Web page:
Luxury real estate firms in New York City make a lot of money helping wealthy foreigners exploit the state’s tax laws–now some firms overseas want to share in the joy of being richly rewarded middlemen. The Times reports that real estate companies from Germany and London are expanding here to explicitly target New York’s “ever-expanding number of foreigner-friendly buildings…
Swimming pools and modern design and blotting out the sun all do wonders for a plutocrat’s esteem, but the main reason for dumping $88 million into a glorified dorm room is because New York City is an ideal cash cocoon. Their money lives here so they don’t have to.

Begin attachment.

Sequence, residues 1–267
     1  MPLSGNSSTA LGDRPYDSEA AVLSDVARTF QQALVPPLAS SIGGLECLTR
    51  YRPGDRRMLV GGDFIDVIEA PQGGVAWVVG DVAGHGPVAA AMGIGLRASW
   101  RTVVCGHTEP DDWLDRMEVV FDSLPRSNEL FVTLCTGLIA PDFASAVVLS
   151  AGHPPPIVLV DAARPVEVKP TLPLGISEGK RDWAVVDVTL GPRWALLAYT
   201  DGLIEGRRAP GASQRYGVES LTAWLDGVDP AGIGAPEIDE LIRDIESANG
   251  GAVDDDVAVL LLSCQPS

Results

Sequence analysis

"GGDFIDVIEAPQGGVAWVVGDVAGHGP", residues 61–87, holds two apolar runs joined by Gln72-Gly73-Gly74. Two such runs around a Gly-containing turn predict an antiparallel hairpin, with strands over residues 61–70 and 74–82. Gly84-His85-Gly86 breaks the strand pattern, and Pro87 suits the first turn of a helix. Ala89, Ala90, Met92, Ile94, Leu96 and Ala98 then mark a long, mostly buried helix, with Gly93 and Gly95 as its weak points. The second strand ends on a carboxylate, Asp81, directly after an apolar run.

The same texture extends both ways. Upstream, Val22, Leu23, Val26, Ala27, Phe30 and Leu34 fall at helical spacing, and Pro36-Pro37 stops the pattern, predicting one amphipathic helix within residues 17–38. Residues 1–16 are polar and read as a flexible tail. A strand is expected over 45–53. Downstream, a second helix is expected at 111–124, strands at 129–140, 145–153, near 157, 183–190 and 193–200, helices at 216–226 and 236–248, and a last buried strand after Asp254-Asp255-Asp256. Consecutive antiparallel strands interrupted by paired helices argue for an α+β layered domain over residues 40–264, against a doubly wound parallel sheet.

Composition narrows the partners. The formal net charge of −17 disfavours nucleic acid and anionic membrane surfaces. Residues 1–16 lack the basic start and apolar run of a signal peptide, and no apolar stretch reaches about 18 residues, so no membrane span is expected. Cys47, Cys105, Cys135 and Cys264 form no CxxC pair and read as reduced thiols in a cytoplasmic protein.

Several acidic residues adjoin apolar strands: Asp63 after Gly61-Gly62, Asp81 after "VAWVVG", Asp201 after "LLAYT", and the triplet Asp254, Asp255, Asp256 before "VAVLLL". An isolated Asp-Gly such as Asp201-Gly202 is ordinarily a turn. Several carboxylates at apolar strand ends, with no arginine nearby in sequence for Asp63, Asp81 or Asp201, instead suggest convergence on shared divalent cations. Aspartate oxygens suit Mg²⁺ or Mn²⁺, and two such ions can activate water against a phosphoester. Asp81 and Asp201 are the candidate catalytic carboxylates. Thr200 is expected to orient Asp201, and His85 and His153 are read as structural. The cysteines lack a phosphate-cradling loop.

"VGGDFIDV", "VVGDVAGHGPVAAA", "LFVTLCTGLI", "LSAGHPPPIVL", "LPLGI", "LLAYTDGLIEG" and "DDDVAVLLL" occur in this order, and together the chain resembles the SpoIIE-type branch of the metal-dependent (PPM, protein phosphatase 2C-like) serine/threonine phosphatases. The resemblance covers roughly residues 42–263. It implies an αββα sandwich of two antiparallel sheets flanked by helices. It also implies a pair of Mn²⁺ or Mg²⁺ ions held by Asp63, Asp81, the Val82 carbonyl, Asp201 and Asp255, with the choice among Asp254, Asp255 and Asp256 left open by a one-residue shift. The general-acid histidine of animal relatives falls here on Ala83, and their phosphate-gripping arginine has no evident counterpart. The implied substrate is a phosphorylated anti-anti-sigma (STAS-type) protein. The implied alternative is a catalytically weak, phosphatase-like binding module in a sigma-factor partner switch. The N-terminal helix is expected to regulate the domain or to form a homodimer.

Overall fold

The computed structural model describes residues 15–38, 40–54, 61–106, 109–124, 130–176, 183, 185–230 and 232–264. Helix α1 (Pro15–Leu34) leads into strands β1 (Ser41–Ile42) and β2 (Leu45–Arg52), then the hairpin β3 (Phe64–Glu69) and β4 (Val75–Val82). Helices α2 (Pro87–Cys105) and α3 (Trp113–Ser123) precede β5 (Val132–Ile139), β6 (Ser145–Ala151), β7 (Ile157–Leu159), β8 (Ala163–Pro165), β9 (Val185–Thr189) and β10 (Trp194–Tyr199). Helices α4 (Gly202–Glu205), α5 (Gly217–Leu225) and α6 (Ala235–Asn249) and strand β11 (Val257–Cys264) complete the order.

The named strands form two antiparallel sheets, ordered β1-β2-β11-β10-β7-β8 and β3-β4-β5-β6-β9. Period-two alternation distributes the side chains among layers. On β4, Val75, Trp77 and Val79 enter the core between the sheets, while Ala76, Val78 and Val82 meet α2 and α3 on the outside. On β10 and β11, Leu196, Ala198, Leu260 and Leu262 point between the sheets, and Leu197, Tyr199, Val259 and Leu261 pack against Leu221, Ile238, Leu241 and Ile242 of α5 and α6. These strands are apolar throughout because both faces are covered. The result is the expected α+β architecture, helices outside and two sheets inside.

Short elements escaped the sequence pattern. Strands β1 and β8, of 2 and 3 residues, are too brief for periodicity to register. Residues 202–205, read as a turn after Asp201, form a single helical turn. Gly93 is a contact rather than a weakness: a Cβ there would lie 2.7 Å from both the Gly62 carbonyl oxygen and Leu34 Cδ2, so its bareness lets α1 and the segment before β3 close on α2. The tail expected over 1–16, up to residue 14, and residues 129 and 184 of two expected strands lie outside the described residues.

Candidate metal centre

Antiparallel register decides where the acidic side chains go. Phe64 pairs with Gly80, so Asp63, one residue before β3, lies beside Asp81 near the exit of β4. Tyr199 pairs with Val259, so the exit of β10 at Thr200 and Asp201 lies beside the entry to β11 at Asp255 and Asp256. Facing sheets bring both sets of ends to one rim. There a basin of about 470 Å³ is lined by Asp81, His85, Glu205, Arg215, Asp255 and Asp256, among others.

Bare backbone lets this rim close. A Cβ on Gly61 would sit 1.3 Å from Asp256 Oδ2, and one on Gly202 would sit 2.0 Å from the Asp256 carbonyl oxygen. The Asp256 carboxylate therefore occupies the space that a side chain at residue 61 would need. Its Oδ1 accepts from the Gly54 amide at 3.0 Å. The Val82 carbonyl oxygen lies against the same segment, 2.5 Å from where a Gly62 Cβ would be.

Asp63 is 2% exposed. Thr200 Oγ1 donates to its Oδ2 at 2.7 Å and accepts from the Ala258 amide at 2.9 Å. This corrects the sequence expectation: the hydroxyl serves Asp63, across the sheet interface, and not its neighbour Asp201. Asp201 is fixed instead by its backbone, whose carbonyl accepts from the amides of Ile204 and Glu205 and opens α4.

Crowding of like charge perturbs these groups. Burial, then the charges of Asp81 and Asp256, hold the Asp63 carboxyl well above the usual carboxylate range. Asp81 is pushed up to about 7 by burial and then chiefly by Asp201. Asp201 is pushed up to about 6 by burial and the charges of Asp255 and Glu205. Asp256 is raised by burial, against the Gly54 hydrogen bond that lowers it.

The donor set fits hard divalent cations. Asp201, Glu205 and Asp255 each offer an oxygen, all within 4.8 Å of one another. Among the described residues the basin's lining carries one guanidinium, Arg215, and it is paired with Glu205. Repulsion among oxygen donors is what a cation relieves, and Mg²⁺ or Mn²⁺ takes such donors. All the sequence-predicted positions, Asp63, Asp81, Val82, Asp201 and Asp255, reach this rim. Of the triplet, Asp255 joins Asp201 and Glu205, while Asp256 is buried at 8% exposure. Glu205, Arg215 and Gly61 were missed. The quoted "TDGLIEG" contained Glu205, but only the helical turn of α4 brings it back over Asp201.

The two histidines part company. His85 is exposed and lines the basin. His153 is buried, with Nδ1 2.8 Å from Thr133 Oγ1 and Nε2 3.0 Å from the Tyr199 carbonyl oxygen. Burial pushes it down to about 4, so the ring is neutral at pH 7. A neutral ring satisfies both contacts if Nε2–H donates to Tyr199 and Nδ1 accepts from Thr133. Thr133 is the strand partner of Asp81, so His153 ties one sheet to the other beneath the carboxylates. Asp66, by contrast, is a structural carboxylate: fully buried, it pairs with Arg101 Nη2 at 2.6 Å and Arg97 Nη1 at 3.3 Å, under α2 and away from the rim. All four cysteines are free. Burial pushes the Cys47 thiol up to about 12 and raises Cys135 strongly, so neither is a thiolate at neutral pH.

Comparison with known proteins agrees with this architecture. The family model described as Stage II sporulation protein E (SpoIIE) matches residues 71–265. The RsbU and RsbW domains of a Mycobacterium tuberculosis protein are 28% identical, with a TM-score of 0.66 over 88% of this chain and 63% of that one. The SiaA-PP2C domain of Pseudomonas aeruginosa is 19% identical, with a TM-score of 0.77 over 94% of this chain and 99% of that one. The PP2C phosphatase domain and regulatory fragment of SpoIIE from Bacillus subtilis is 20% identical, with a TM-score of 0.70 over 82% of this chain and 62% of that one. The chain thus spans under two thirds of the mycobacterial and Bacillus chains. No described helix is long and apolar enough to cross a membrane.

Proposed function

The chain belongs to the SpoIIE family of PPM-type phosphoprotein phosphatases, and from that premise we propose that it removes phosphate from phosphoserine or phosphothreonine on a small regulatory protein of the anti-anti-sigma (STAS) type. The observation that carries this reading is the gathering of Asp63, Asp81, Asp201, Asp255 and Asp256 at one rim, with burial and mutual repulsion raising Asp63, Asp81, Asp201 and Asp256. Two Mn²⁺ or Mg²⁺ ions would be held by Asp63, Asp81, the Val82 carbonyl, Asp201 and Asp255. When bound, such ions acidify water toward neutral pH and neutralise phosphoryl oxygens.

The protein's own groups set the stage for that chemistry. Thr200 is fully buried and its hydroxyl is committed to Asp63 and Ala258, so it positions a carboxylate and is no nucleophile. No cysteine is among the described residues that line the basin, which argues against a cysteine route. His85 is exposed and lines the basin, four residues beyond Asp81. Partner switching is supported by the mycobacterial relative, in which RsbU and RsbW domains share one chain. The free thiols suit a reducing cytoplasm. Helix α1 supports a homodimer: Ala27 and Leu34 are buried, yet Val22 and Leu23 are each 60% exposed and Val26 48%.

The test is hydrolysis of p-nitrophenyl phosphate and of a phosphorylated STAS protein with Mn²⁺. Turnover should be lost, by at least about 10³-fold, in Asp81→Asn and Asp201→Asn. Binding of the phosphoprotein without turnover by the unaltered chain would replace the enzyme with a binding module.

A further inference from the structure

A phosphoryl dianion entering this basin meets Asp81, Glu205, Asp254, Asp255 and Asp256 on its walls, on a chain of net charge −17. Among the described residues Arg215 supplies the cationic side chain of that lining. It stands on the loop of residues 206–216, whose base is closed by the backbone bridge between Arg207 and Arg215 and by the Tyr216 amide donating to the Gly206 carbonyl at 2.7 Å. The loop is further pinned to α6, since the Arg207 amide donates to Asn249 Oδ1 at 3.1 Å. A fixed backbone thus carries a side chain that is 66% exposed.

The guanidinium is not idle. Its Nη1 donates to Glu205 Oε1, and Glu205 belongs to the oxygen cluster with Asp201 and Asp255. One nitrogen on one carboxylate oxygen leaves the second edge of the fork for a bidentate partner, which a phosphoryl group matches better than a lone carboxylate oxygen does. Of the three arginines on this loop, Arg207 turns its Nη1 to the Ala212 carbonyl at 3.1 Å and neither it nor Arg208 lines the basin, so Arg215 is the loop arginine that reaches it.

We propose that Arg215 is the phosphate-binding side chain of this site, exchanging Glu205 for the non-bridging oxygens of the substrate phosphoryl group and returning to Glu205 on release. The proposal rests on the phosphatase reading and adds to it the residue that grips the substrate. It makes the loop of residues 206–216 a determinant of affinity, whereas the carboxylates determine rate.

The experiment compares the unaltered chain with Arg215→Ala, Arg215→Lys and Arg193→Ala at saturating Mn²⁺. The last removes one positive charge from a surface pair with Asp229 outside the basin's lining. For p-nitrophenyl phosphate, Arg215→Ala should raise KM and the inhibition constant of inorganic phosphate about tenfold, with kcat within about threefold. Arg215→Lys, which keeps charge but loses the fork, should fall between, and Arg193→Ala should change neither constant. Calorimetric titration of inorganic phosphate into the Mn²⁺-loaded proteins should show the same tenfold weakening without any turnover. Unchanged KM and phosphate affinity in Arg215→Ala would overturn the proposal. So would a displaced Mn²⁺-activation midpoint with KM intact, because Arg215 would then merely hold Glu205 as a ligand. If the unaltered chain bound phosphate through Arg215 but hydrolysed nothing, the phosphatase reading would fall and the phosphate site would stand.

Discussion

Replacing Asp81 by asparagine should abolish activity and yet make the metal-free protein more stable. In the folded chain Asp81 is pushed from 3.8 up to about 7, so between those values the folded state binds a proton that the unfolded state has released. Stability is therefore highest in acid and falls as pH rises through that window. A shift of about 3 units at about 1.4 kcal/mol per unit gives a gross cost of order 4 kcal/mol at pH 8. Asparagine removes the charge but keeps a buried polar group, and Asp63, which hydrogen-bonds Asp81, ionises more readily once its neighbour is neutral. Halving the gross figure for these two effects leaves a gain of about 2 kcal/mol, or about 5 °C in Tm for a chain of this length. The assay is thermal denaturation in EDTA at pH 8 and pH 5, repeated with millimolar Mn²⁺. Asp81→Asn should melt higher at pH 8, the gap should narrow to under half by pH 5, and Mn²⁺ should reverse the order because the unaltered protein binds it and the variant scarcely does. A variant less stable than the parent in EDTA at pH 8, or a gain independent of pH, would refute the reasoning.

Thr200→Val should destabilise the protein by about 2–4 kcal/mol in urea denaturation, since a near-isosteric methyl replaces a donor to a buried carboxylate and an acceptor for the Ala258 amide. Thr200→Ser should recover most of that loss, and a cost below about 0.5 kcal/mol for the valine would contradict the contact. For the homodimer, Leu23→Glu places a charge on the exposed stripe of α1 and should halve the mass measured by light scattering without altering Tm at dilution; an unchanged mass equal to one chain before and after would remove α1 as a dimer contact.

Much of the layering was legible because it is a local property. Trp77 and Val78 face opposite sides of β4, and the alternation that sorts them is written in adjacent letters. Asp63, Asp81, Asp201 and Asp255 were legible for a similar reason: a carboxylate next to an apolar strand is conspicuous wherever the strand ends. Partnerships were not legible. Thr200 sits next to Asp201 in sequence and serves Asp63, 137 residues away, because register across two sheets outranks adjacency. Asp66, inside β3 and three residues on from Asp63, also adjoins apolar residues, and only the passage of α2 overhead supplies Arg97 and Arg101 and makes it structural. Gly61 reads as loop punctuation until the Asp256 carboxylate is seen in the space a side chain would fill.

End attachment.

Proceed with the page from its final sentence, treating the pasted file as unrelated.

State Senator Brad Hoylman wants to create a graduated 4% pied-a-terre tax to units above $5 million. The bill, inspired by a proposal from the Fiscal Policy Institute, would only affect 1.75% of the 88,851 non-primary resident owned coops and condos; the 1,556 units that cost $5 million or more account for $26.1 billion out of the total market for non-resident condos. According to FPI, 445 of those units are worth more than $25 million, and would bear 83% of the tax, and even then, the tax would be less than half of what London is charging its ultrawealthy foreign “residents.”
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